At a press conference accompanying release of the results from its Fourth Quarter 2011 National Delinquency Study (NDS), the Mortgage Banker Association's (MBA) Chief Economist and Senior Vice President for Research and Education Jay Brinkmann said he is frequently asked how long it might be before delinquencies and foreclosures return to "normal."  He said he typically answers that "we are about halfway there." 

Delinquencies during "normal" times averaged around 5 percent but spiked to 10.1 during the recession.  Now the rate is at 7.6, half-way there.  Foreclosure starts generally run around 0.40 percent but hit 1.41 percent in 2009 and are now just below 1percent; almost halfway there.  Foreclosures however are not halfway there.  They were running around 1 percent pre-recession and rose to over 4.5 percent at the peak.  They are now only slightly below 4.5 percent.

The real question, he said, was where we will end up; what will be the new normal?  The new parameters for lending are promising with lower housing prices, and tighter lending standards but the economy may be growing more slowly so a 5 percent delinquency rate might not be the new normal.

Brinkmann pointed to improvements in most of the measures of foreclosure activity.  The only increase in the third quarter was in early delinquencies, i.e. 30 to 60 days, which were up 3 percent from the third quarter to the fourth, probably due to seasonal issues such as the holidays and the beginning of the heating season. 

The rate of 60+ day delinquencies was down 5 percent from Quarter 3 and 10 percent from Q4, 2010 and loans in the 90+ bucket decreased by 39 percent from the previous quarter and 54 percent year-over-year.  Foreclosure starts were down 9 percent and 28 percent over the two earlier periods and the foreclosure inventory declined by 5 percent and 26 percent.

The improvement in delinquencies cuts across all types of loans except those backed by FHA and is particularly evident among those loan products which have been most problematic.  Subprime ARMs now have a delinquency rate of 22.4, an improvement of 267 percent since the third quarter and subprime fixed-rate loans are down 157 percent to 19.67 percent.  Prime ARMs improved by 151 percent to 9.22 percent and Prime fixed-rate loans were at 4.12 percent, down 20 percent from the previous quarter.  FHA loans had an increase in delinquencies of 27 percent, mostly early stage delinquencies and Brinkmann expanded on this later in the press conference.

In most recessions foreclosure statistics mimic unemployment figures, however in the current downturn the problems in housing began before unemployment started to rise, peaked at about the same time, and now appears to be clearing more quickly.  Foreclosures are not echoing this trend either.

Mike Fratantoni, MBA's Vice President for Research and Economics said that the aggregate statistics on foreclosures are covering two very different stories.  Nationwide, slightly more than 40 percent of all mortgage loans serviced are in states primarily using judicial foreclosure processes.  Even in the best of times those 22 or 23 states are disproportionately represented by the number of loans in foreclosure - in early 2008 that share was 47.9 percent and today it is 62.5 percent.

However, the rate at which foreclosures are initiated in judicial states deviates hardly at all from states in non-judicial states; it is the timelines to complete those foreclosures that are causing rising foreclosure inventories in judicial states.  The difference in the backlog of foreclosure inventory between the two types of states is significant and is growing worse.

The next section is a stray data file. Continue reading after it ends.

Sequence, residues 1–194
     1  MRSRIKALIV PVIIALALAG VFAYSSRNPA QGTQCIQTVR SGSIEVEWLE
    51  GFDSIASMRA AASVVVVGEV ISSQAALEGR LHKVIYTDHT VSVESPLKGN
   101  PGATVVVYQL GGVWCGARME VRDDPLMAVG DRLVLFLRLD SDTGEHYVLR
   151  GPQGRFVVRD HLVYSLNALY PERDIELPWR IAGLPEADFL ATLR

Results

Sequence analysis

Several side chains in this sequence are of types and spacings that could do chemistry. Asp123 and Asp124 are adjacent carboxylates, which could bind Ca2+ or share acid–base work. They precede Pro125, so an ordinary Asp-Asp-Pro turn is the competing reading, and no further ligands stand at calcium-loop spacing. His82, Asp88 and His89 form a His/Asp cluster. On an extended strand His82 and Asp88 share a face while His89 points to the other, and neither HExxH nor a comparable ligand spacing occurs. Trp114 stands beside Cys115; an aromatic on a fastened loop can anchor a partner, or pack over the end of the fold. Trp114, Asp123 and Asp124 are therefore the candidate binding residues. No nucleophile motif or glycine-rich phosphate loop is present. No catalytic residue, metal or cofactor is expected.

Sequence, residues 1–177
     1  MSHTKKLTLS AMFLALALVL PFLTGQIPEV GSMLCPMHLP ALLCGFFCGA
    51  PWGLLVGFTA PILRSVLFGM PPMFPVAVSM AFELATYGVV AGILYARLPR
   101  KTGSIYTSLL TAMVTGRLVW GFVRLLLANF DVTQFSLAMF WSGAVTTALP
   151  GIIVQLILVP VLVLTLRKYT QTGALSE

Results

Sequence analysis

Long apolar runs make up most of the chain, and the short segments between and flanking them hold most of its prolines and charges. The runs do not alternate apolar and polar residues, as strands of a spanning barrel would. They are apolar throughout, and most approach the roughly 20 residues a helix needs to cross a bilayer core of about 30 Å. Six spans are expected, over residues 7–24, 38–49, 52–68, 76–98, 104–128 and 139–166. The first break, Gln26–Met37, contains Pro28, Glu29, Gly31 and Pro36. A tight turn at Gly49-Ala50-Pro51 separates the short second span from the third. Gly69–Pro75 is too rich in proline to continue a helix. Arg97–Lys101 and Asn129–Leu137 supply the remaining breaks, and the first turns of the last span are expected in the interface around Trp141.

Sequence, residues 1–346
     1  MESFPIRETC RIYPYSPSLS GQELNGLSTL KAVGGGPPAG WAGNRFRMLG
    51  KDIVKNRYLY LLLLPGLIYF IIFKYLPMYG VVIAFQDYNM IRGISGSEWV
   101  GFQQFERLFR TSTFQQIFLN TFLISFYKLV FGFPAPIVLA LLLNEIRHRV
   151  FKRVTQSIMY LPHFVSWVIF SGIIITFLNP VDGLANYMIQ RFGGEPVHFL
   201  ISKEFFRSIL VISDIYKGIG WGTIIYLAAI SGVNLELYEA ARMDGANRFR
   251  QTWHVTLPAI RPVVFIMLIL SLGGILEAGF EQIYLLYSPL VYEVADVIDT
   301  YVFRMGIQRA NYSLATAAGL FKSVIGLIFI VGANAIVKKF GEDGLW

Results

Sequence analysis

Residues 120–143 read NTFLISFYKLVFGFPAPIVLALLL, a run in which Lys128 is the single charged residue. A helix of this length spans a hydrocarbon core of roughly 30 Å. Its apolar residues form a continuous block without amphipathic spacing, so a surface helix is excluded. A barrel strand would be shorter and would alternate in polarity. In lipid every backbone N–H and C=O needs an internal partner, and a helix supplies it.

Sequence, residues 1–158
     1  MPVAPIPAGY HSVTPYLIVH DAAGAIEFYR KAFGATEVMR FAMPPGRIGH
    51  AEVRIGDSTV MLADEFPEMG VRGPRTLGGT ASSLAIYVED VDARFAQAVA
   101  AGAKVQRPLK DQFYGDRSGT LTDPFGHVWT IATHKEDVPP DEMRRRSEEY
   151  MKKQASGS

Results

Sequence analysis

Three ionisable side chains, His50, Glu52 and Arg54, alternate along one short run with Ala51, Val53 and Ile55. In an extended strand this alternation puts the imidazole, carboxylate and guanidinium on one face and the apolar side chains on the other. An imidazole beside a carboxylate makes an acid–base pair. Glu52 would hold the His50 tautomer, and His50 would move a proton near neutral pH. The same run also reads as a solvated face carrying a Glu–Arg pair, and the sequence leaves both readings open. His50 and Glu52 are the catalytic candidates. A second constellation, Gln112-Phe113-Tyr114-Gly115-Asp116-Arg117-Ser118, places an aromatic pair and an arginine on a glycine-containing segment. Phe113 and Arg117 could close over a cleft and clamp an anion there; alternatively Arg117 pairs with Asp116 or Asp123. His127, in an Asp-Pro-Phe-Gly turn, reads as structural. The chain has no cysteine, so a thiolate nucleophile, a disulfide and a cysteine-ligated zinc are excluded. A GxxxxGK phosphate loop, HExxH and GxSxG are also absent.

As stated earlier, FHA has not evidenced the improvements noted in other loan types.  Brinkmann said the sheer numbers of FHA loans have skyrocketed during the recession.  Where it typically backed about 3 percent of the nation's loans it is now backing 34 percent.  Thus the largest percentage of FHA's book of business is of a vintage where historically loans have the greatest risk of default - at 3-3-1/2 years after origination. 

In response to a reporter's question about how the increased delinquencies might affect FHA going forward Brinkmann said that the real question is whether the actual level encountered by an organization is higher than it planned for and while he does not know what FHA had projected, he had heard from knowledgeable persons that even this higher delinquency rate is lower than actuarial expectations.   

Asked about strategic defaults, Brinkmann said where large numbers of borrowers are underwater, every divorce and every job loss can mean a foreclosure and estimates of strategic defaults among these are probably overstated.

The recent settlement with five major banks and there servicers probably won't have much of an impact on the foreclosure inventory Brinkmann said.  While it may speed up some that are underway because the uncertainty is removed, new processes imposed by the settlement may in initially cause slowdowns elsewhere.

MBA is seeing some indication that HARP 1.0 and to a lesser extent HARP 2.0 which is just getting off the ground may be impacting loan originations.  Perhaps 10 to 20 percent of recent refinancing originations may be from those programs.  There is no way of knowing whether this is having an impact on delinquencies as individual loans have little effect in a database of 43 million loans.  Brinkmann said, however, that the incentives offered by HARP are the right ones.

The NDS has been produced by MBA for 160 consecutive quarters and currently covers 42.9 million loans representing 88 percent of all senior one-to-four family mortgages.  The current survey saw an increase of 634,000 loans from the third quarter but 767,000 fewer loans than one year ago.  Data was reported by 120 lenders including mortgage bankers, commercial banks, and thrifts.